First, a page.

Between the Lines: Fandom Spaces and Problematic Behaviour

Last week, I was told that I was reducing serious problems to shipper noise, so this week I’m back to address the real problems. (Which I was going to do anyway, but whatever.) I stand by my earlier statement: it isn’t that there is no problematic behavior in fandom spaces, or that there is no bigoted discrimination in fan interactions or in the stories writers choose to tell, but it is that our definition of problematic is skewed. It is set in a way that makes us the victims of marginalization, even when we aren’t. And trust me when I say I know marginalization.

I recently read a paper on the manufacturing of victims in the psychology industry, and how we find ourselves victimized too easily. The entire paper felt politically incorrect –but only because it was painfully honest. It’s been a week since my last article on fandom spaces, and I’ve realized one thing: most of us don’t understand the root cause of our anger when we say we are upset about representation or problematic behavior.

Problematic behavior is bigotry: sexism, misogyny, homophobia, religious discrimination, ableism, racism, and the rest. It is undeniable that these things do exist in fandom, that most of the main characters on TV shows are white, able-bodied, upper middle class adults of questionable morality.

It isn’t an opinion that most of mainstream television uses exhausted tropes and dances upon them, tweaks and twists age-old stereotypes to create glorified reincarnations of them, a lousily placed Band-Aid on a gushing wound with an overenthusiastic, “Ta-da! We fixed it!” It is true that it is underlying bigotry that makes these writers feel like they’re doing us a service by writing us half-assed attempts at representation. This is all objective fact: our televisions and theater screens have yet to understand intersectionality and representation. There’s no question that we have a long way to go.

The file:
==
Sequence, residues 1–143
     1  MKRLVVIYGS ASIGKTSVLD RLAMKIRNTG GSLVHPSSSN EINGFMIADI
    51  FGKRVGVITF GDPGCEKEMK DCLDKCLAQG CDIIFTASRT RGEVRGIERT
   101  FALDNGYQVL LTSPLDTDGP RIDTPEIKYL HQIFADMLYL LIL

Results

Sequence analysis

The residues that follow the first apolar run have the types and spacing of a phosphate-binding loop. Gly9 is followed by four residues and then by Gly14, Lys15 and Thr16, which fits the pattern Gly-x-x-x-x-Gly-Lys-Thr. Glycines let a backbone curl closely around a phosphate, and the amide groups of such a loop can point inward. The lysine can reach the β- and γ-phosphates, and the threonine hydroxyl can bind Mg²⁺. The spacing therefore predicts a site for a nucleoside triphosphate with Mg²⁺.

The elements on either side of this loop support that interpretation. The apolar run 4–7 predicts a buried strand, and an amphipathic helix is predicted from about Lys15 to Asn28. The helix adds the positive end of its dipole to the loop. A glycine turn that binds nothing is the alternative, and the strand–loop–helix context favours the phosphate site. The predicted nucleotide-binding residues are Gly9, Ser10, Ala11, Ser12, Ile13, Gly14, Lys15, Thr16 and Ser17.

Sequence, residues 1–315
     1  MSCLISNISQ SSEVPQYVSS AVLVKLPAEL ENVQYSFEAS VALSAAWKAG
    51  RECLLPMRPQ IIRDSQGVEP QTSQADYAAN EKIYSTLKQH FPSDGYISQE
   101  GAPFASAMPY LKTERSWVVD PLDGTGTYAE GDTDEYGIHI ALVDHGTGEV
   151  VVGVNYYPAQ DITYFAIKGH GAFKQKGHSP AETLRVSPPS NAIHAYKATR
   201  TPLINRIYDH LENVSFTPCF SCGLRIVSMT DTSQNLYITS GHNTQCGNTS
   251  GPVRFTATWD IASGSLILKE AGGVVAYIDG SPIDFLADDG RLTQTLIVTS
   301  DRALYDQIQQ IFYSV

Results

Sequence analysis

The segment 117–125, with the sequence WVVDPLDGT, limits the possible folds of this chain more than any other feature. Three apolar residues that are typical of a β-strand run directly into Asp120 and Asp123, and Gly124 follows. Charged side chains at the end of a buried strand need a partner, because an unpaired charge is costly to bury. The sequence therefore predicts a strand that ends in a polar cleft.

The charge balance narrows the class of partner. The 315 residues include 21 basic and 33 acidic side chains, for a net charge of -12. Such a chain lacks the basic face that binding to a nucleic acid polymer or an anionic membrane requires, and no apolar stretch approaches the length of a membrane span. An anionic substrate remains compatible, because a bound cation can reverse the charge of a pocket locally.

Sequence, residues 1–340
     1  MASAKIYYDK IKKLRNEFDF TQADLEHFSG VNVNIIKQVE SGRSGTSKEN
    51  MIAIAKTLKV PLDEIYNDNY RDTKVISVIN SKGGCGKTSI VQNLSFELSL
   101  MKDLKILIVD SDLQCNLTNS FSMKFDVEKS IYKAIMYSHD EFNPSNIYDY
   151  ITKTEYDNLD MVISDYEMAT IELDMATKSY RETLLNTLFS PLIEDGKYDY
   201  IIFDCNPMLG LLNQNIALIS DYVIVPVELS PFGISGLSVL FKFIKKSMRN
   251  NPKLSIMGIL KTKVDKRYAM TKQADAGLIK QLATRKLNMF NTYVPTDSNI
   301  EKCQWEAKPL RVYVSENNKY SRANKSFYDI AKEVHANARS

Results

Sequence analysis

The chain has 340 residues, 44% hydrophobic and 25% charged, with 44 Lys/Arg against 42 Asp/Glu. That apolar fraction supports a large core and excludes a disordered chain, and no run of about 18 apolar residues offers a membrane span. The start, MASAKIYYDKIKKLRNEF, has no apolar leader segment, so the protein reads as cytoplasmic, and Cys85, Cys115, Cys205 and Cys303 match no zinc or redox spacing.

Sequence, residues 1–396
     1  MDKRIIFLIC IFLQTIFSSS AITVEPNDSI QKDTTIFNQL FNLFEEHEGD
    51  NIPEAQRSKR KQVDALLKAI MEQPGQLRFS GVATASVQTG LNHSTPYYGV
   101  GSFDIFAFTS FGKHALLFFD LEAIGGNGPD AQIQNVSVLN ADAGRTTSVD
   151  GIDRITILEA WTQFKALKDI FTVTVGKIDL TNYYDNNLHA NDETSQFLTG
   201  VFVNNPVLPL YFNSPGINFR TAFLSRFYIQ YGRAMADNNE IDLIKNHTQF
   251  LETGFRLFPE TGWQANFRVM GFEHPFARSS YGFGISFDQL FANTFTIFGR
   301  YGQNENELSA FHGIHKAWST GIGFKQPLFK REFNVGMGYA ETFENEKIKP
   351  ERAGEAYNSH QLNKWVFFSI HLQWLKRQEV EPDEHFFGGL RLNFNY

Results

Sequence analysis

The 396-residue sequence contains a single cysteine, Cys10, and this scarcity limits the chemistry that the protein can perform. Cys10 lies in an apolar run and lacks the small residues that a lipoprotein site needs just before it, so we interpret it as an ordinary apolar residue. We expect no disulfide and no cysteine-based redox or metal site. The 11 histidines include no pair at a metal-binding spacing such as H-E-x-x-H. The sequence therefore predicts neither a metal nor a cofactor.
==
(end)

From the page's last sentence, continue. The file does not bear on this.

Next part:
And when it comes to demanding better representation, and fighting discrimination, I would never suggest that we stop. We have, actually, barely begun. We have every right to ask for better, for nuance, for something that is better than what we get. But there’s a way to do it, I think, a way to demand, a way to expect. If I’m being completely honest, I don’t know what that way is. I’ve been asked a few times, and it strikes me that my answer is always the same: conversation.

It is conversation that is the foundation of any type of progression, conversation that builds communication that builds communities that builds a new generation of storytellers, a new wave of media. But the problem is that until we learn to decipher the differences between actually problematic behaviour and behaviour we disagree with, we will never reach a solution, we will not be able to break the great wall between us and what we want to see.

At the moment, the problem is not that we all want different things, but the problem is that no one wants to work together to create something better.

I need to clarify here that I am not telling people to become passive. I am not asking that we stop speaking out when we see injustice done to us or others in terms of representational stories, or that we step away from heated discussions, but I do say that we pick our battles. That we respect the rights of others to pick their battles and that we all, collectively, get off our high horses and realize that to speak out is a privilege not everyone can afford. When I suggest that we lower our voices, not yell so much, what I mean to say is that sometimes the loudest people are the ones who have no idea what they are talking about, so let’s lower our voices. Step back, and think first: do we know what we are fighting for? When we say that we stand for a particular community, do we really represent what is in their best interest?

And if we are leaders of a certain community, then is it not upon us to learn to speak diplomatically, to use words that are powerful enough without degrading language, without the need to point fingers, without the need to become angry, linguistically violent and aggressive? I am aware that I sound ridiculously naïve when I say that anger will not help us here, although anger is what drives us.

I am not saying that we have no rights to be angry, or that we have no right to express that anger. What I mean is that we must choose the least destructive ways to express that anger, and that we must first understand what is meant by harmful problematic behaviour. We must step back and excuse the overused analogy, but look at our black-and-white-morality and realize that the world, despite what we think, is grayscale.

I don’t know how to combat the bigotry in fandoms, I really don’t. All I can suggest is a certain type of conversation: one that is fueled by anger but is not angry, awareness that we cannot change the world, but that we should still be trying. And if anyone else knows another way to do this, please tell me.

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